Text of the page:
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Saving Private Ryan - media review of the opening scenes.

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Saving Private Ryan Media Coursework "Saving Private Ryan" is an intense war film set on Omaha beach, in the Dog green sector, Normandy, France on June 6th, 1944. The public's reaction to this brilliant film when it was first released was very positive such as Almar Haflidason from the BBC saying "What is abundantly clear is that in the massive body of films that deal with World War II, this is one that pulls no punches." And www.reel.com's Tor Thorsen "Hailed as the greatest war movie of all time, Saving Private Ryan is one of those few movies that lives up to its hype." This film is different from previous war films because it gives the viewer a 1st person view and it is on a smaller scale, this involves the audience and gives them an insight into what war may have actually been like. Spielberg uses different camera shots, sound, colour, lighting and the contrasting pace of the two scenes to show the true horrors of war. In the beginning scene, the family are shown walking to the graveyard where the men, who died at Omaha beach, on D-Day, are buried. ...read more.


From this we can tell he is incredibly frightened but by the way he controls his bottle with his other hand we know he has to try and be strong as he is leading the rest of the group. Sound and silence also play an important role in showing the reality of war like the soundtrack in scene one. This music was very proud but also slightly sad. There were trumpets and a flute playing which made the music mellow and created a relaxed mood. This music set the genre for the film as it signified the end of a war and peace. There were very few sound effects used in scene one compared to scene two. The only thing we heard was the scrunching of gravel and the click of a camera. I think this was because the group were remembering the war and they were in a graveyard so they had to be silent as a matter of respect. Also this fitted in with the sad mood of the scene. Also one word was spoken in the scene when the old man falls to his knees and his son says the word "Dad". ...read more.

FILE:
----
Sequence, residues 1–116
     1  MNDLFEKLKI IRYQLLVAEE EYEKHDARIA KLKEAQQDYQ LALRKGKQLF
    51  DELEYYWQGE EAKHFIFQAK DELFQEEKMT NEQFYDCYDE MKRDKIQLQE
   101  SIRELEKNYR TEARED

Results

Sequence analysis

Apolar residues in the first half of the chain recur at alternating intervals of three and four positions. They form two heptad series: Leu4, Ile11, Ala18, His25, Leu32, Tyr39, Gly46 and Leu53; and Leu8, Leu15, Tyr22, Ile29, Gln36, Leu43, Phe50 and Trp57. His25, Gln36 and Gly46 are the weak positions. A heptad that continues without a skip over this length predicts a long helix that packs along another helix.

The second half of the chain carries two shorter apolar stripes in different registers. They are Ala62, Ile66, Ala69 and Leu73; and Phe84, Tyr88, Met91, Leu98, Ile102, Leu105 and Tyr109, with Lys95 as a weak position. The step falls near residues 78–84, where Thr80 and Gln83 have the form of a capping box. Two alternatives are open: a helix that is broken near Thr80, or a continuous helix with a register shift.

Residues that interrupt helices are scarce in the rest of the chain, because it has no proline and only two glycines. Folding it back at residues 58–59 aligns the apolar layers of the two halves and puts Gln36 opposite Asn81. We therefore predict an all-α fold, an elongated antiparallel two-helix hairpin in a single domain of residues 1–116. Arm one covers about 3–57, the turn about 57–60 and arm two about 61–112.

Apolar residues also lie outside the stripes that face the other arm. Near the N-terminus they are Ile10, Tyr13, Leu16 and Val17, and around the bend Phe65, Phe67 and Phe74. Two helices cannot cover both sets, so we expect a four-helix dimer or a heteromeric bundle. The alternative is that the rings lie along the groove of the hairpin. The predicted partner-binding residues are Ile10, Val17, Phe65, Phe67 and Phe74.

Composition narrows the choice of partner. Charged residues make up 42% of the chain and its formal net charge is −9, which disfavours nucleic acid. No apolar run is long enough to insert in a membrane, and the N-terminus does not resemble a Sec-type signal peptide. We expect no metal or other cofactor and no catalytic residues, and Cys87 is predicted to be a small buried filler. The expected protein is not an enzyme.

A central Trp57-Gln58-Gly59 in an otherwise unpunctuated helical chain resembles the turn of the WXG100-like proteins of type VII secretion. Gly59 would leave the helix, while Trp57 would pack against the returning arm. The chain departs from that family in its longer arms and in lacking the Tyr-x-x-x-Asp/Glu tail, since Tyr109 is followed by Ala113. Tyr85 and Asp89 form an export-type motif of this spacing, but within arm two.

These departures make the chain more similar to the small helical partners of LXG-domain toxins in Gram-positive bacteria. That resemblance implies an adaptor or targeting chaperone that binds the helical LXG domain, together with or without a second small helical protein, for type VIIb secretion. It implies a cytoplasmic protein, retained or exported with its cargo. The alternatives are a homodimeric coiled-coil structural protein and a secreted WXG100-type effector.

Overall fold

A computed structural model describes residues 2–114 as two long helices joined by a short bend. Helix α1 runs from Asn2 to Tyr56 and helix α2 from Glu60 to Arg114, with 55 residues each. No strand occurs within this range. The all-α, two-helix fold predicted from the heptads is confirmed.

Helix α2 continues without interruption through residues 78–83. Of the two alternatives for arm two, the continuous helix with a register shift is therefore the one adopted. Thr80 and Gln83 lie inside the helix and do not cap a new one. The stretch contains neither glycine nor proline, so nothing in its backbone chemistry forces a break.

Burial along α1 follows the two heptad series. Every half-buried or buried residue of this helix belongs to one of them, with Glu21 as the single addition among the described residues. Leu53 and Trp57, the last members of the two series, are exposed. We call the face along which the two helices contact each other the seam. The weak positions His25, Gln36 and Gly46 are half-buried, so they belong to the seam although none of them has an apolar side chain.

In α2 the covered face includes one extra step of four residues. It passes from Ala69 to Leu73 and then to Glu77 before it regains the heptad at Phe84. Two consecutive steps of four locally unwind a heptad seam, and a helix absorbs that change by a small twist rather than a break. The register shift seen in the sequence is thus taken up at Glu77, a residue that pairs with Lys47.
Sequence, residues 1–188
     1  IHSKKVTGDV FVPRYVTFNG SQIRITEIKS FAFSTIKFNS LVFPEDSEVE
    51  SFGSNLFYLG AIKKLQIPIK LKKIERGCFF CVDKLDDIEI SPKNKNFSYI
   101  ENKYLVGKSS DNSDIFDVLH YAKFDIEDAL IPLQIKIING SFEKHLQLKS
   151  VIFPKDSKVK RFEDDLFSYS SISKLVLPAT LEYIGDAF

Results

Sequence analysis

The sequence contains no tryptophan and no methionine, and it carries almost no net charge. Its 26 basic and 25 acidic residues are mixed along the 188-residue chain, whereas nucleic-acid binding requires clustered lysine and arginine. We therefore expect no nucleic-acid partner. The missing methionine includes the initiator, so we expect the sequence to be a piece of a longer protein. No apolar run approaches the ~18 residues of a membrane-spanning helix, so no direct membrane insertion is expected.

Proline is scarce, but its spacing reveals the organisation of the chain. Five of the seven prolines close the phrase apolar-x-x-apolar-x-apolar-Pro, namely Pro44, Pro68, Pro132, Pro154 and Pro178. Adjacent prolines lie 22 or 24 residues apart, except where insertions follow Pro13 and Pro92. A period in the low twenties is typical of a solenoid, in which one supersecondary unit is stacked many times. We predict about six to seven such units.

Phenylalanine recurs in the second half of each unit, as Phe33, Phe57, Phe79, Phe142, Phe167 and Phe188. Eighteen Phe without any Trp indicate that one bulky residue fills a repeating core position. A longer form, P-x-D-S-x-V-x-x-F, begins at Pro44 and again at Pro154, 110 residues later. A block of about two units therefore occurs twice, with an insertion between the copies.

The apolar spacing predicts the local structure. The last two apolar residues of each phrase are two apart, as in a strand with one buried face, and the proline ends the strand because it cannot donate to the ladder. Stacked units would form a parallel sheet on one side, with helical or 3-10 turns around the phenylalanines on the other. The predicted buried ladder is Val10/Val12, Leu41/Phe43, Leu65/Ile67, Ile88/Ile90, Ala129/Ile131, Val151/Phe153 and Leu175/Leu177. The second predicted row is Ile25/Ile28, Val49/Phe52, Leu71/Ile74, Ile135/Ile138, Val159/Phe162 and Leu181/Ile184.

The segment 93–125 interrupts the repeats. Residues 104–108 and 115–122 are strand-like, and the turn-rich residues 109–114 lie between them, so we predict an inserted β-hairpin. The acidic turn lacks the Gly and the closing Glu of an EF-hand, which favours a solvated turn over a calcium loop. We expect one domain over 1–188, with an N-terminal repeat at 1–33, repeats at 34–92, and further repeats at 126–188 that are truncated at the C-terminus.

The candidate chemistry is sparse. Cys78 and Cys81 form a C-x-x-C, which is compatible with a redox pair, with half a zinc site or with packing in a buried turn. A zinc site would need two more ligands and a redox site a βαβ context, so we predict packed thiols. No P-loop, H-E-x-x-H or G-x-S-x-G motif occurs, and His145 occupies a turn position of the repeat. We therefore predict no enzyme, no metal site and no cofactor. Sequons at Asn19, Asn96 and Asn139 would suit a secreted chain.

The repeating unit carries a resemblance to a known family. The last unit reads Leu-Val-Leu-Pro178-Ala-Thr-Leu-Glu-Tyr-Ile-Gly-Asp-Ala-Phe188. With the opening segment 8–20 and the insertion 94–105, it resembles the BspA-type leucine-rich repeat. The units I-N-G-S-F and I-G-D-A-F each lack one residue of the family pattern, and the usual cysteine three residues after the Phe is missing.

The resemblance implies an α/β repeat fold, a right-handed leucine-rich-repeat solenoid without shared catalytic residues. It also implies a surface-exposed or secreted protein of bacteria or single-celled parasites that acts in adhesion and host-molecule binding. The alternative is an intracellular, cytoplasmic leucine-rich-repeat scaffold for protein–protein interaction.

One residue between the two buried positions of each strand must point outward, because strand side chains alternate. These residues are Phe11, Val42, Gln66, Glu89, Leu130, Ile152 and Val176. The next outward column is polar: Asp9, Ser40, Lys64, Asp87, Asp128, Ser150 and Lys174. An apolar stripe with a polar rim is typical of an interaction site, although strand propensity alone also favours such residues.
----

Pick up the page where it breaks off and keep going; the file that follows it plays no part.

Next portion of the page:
I think Spielberg decided to open on a slow scene to add more emotion and feeling into the scenes. This allowed the audience to identify with the characters and to find out the genre of the film. The pace of the second scene is different, it is much faster and more action packed. I think it has to be like this as that was what the war was like the soldiers had to push up quickly to avoid death and to secure the beach. The bullets were also very fast and were constantly whizzing past this increased the pace of the scene. Both scenes also ended with a close up of a face which brings the pace down and shows us how the person is feeling e.g. Tom Hanks and the Old Man. In these two scenes I feel Spielberg was trying to capture the true horrors of war and put the audience into the action. He did this using the lighting, sound, colour, pace and contrast between the two scenes. He has succeeded in his aims by making you really feel your there. I personally think these beginning scenes set up the film perfectly showing the viewer a glimpse of the horrors of war and making them feel for the soldiers that died during it. ...read more.

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